This leads to a very clear conclusion that it isn’t just the location of these brands within indoor malls or a value orientation holding back their performance, but a fundamental challenge in how they approach customers especially in this environment.
And that flaw goes beyond price. For even when we analyze Nordstorm against Nordstrom Rack we see very similar visitation patterns even though the latter offers significantly more value.
What Does Kohl’s ‘Get’?
If it isn’t just price, and it isn’t just location, then what is the challenge holding back some brands while others succeed? Analyzing Kohl’s and Macy’s visit trends over recent weeks could give a very strong hint. While the former has seen average year-over-year visit gaps of 30.7% for the six weeks from October 26th through the week beginning November 23rd, Macy’s saw an average visit gap of 42.6%.
On Black Friday weekend, the differences were similarly large with Kohl’s following a 39.1% year over year Black Friday visit decline, with an average visit gap of 17.6% over the next three days. For Macy’s that split was a 52.4% Black Friday decline and an average visit gap of 37.1% over the next three days. Kohl’s, while clearly benefiting from outdoor locations, is also seeing benefits from its investment in creative partnerships like accepting returns from Amazon or a newly announced concept with Sephora.
And this leads to the conclusion that the key to understanding the varying success rates of different sub segments is actually a combination of a few elements. One is the fundamental importance of location. In the very near term, outdoor oriented brands are at a significant advantage, but that could easily shift based on new trends that could arise as early as next year. Instead, the better way of looking at location is emphasizing those who have a more diversified approach. Whether it be the states or regions where different chains have locations or their orientation towards indoor malls, outdoor shopping centers or outlet malls, a more diversified approach will likely allow these brands to succeed in the face of any number of challenges. This diversification may come in the form of rightsizing, new store format concepts or innovative ideas to tap into new markets and audiences.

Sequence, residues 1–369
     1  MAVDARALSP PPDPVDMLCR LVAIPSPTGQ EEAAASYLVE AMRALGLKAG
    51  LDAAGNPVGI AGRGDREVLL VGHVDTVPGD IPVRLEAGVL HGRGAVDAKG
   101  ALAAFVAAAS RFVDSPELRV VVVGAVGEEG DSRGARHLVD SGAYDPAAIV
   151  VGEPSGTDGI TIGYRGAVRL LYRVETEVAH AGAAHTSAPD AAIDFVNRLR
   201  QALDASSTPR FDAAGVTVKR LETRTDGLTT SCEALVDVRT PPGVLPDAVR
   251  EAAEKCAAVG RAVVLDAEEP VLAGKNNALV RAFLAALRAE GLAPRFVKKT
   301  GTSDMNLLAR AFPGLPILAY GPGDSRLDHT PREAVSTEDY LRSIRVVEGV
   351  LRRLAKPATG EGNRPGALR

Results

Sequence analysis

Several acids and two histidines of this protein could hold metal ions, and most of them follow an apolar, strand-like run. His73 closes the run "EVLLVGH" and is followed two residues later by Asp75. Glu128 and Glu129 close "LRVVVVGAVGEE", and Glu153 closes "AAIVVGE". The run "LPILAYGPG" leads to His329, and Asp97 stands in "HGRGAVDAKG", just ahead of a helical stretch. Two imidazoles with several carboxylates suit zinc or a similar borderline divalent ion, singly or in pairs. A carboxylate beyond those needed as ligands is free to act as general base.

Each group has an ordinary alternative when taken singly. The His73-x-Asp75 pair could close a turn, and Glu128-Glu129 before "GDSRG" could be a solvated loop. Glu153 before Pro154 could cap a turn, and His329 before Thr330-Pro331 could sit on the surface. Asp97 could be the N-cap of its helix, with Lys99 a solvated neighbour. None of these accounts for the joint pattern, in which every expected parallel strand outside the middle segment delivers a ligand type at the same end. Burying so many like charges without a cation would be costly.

The second is the brand. Value is always a benefit, but a luxury value offering has unique advantages of its own and even, we daresay, the desire to target the middle has upside as seen in the performance of the Target’s of the world. The emphasis here must be on brand alignment. Marshalls and T.J. Maxx do off-price well because that’s the core element of their brand promise. Nike and Lululemon can charge more for athletic wear because consumers buy into their offering and the experience it provides. For brands like Macy’s to thrive in the years to come, it needs to double down on the authentic brand and approach that will make it resonate with its audience.
The third is timing. Yes, luck does matter. Macy’s, Nordstrom and brands alike faced a seemingly perfect storm that attacked all of their weaknesses simultaneously. While this will likely push them and other brands to focus on more diversified approaches, it’s problematic to pretend like the current environment is anything that could have been ‘predicted’.
How will the apparel sector perform deeper into the holiday season? Visit Placer.ai to find out.